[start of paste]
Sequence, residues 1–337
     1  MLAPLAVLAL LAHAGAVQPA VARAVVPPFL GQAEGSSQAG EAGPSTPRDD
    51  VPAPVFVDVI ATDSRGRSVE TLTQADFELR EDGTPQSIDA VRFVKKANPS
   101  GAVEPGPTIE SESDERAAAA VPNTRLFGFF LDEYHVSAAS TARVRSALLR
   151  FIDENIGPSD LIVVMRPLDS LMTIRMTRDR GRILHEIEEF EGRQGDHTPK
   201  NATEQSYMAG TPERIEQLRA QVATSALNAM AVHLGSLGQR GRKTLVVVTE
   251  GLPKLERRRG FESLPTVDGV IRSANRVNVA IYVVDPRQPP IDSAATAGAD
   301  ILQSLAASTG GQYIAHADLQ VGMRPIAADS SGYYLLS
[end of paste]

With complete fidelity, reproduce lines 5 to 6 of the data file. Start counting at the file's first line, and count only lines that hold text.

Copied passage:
   151  FIDENIGPSD LIVVMRPLDS LMTIRMTRDR GRILHEIEEF EGRQGDHTPK
   201  NATEQSYMAG TPERIEQLRA QVATSALNAM AVHLGSLGQR GRKTLVVVTE